Jaime Valdéz spent 17 years in Phoenix before he was deported to Mexico in February, in what he says is retaliation for protests against the Immigration and Customs Enforcement (ICE) agency. On Tuesday, Valdéz turned himself in at the port of entry in Nogales, Ariz., to protest what he calls the inhumane practice of separating families. He hopes U.S. authorities grant him humanitarian parole.
“The president says he wants humane treatment, which is exactly what I was fighting for when ICE retaliated by deporting me,” said Valdéz, 31. “I hope that more humane treatment can start with our cases today.”
This act of civil disobedience by Valdéz is part of a growing campaign against President Barack Obama’s policy on deportations, which are expected to reach the 2 million mark this month. What started several months ago with isolated protests at immigration detention centers and border crossings has expanded into a national movement that will reach a crescendo on Saturday, when immigration reform advocates in more than 40 U.S. cities engage in a national day of action and call on Obama to suspend deportations.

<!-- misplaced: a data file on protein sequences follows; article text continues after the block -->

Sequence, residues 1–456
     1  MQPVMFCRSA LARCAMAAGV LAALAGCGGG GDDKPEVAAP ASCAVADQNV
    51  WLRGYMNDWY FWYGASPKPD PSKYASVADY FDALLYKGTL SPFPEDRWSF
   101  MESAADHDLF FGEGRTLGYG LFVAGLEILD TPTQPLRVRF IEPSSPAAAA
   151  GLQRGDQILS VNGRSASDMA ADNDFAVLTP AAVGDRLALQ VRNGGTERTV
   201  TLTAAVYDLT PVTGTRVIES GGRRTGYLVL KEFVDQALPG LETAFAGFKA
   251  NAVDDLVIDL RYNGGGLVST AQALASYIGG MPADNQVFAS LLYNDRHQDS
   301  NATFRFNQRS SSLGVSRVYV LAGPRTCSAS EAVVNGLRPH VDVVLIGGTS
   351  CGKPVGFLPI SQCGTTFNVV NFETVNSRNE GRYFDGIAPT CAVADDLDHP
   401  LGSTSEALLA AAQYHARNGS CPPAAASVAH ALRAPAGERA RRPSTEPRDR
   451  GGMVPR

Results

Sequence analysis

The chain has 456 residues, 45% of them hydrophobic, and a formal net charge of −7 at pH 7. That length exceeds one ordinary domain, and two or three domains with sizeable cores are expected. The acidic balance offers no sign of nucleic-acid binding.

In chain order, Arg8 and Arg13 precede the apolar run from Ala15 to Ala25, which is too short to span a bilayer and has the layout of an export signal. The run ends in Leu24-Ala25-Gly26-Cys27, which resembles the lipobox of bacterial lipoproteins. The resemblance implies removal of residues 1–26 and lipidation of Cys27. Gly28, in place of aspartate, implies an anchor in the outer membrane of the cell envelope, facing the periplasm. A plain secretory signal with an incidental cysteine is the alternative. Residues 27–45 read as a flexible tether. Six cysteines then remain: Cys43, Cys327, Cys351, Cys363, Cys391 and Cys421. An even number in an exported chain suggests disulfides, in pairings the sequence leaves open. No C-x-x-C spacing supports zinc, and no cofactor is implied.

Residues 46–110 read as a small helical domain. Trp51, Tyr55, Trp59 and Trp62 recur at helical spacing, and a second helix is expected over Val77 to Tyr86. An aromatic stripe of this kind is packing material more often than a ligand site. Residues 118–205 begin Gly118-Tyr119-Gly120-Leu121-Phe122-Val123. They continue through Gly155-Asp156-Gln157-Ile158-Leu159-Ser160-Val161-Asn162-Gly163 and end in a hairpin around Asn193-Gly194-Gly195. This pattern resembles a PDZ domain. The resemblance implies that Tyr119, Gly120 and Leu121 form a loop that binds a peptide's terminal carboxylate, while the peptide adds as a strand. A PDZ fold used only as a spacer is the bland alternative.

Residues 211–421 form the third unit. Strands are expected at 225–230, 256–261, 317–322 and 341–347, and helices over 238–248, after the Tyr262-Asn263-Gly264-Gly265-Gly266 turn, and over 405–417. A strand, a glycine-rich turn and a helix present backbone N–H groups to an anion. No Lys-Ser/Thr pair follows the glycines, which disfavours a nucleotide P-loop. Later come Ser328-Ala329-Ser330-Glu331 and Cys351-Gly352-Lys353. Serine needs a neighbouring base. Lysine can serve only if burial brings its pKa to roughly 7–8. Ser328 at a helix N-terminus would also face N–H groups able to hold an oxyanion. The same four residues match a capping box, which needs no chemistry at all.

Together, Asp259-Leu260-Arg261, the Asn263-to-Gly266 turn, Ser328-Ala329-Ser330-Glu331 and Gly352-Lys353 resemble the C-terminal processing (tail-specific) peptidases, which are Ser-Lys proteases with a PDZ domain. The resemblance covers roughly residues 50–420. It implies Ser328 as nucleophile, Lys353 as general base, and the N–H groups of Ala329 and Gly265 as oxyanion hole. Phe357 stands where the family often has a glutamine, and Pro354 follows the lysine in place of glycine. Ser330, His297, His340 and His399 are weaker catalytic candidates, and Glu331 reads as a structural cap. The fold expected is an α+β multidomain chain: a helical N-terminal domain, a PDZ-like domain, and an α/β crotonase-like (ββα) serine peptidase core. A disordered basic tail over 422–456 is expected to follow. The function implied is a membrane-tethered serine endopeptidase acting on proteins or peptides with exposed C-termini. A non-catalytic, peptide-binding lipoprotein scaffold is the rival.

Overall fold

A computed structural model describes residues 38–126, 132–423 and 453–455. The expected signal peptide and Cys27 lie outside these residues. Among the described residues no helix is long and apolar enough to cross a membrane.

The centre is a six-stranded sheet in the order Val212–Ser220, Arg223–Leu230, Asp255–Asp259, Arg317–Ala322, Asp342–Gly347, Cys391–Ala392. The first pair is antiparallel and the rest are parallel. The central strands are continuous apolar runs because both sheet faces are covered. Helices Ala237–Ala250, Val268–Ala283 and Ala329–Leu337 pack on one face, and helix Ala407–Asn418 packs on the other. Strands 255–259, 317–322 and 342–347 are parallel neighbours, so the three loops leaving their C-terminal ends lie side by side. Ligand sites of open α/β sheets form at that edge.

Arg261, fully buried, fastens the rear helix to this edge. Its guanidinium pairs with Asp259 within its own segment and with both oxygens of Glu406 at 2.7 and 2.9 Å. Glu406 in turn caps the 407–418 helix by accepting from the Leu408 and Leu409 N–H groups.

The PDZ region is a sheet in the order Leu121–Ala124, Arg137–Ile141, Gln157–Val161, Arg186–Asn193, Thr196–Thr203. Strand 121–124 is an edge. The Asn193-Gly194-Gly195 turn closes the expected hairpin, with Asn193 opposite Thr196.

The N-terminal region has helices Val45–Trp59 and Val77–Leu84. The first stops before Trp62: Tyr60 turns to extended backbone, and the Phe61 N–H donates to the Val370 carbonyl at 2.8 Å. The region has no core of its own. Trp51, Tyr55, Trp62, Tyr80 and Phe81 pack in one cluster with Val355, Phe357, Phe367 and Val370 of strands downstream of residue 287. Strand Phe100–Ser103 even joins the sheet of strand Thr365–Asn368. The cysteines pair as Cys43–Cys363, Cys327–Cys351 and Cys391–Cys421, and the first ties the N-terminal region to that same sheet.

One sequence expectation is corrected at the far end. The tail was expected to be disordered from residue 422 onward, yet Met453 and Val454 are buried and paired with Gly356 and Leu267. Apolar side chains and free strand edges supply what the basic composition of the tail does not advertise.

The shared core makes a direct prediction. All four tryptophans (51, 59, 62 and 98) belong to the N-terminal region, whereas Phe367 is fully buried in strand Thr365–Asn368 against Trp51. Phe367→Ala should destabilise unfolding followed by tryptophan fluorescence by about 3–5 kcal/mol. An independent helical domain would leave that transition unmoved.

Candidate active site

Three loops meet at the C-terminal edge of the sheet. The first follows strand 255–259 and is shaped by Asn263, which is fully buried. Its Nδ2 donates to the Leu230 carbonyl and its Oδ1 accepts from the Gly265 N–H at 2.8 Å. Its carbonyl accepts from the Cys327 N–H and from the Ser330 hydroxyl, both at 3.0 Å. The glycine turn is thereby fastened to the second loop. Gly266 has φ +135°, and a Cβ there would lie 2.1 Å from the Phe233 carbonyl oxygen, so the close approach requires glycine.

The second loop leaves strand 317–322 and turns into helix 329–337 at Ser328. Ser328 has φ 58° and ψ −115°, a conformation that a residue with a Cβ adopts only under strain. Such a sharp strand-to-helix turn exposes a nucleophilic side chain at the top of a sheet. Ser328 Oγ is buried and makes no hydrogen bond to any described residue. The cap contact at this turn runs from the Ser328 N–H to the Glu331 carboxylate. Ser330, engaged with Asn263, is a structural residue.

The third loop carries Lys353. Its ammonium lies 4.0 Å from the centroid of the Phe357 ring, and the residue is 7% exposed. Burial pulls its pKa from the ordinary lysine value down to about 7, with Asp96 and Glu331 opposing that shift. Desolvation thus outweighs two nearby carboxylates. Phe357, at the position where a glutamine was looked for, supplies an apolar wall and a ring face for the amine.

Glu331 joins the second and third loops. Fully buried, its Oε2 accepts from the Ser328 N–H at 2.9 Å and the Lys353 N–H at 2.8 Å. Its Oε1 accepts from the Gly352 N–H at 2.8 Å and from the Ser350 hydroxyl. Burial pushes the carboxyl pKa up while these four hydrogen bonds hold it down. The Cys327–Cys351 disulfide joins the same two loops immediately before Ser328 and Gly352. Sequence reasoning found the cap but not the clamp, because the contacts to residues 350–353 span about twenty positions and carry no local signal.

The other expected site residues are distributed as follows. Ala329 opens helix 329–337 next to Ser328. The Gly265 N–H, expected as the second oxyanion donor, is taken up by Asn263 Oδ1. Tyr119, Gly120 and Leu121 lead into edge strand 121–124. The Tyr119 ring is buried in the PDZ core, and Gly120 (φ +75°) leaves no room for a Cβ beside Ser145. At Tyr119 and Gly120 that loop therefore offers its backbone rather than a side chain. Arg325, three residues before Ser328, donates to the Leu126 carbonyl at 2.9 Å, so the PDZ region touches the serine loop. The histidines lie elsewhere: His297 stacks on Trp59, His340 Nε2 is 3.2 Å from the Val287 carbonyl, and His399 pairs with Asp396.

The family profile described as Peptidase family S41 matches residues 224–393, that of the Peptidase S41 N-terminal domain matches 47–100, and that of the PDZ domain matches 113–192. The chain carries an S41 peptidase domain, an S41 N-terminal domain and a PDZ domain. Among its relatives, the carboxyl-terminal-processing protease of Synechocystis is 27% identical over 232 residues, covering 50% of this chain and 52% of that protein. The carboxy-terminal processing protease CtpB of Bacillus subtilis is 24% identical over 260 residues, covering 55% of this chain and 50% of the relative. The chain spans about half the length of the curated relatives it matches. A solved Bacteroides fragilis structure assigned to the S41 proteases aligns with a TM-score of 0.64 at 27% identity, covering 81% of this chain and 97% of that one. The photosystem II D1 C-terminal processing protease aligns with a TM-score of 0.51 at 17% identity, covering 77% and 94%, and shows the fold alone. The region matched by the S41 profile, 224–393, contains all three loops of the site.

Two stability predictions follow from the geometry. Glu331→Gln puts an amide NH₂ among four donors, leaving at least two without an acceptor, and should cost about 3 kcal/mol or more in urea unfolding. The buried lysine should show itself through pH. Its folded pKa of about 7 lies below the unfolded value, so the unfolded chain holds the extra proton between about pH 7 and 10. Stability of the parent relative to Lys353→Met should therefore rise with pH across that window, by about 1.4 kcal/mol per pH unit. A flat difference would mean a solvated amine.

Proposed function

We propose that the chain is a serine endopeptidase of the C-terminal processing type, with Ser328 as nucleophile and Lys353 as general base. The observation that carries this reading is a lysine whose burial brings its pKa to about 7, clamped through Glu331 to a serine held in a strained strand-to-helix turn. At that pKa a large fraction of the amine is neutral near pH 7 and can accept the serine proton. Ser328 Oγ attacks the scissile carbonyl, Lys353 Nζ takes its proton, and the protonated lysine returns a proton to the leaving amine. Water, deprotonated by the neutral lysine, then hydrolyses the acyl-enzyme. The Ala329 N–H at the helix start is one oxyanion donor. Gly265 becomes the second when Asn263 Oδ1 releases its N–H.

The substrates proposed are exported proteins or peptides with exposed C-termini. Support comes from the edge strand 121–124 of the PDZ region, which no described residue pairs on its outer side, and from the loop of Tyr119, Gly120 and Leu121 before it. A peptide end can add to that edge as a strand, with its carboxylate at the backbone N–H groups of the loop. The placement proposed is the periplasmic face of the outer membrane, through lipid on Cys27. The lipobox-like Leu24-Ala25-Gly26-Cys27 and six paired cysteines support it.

The #Not1MoreDeportation campaign will include a rally in front of the White House, an attempt to shut down the Broadview Detention Center in Chicago and a march to City Hall in Los Angeles to call on ICE to change its immigrant detention policy.